Star Tribune –
As far as fish in the West go, the silver-sided humpback chub is one of the strangest-looking, and arguably one of the least known. Most are no longer than an average forearm, and they’re immediately distinguished by the ubiquitous hump on their backs. They have virtually no scales, live to be upwards of 40 years old and have long snouts that overhang their jaws. And they nearly went extinct.
The lowly chub is one of four endangered native species in the Colorado River system. It once ranged from southwestern Wyoming to the Gulf of California and now lives in just five isolated pockets from the Grand Canyon up to central Utah. Officials believe those stable populations are enough to stave off extinction, for now. As a result, the U.S. Fish and Wildlife Service proposed on Wednesday reclassifying the fish from endangered to threatened.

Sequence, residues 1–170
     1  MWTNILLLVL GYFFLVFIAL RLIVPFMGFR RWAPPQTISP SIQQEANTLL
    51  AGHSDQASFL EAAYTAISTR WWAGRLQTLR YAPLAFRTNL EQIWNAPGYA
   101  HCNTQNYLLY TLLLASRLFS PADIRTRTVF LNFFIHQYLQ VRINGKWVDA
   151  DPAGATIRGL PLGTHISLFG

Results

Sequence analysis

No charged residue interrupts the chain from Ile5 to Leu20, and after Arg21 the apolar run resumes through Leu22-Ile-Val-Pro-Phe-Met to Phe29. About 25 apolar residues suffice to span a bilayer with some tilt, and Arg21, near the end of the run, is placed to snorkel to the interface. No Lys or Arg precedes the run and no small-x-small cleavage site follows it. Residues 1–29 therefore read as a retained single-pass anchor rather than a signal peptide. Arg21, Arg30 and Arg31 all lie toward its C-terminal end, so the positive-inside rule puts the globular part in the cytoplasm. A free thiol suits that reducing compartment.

“An endangered species is one that is at risk of extinction now, and a threatened one is at risk at some point,” said Thomas Chart, director of the Upper Colorado River Endangered Fish Recovery Program. “Our long-term assessment is they demonstrate stability and are not at threat now.”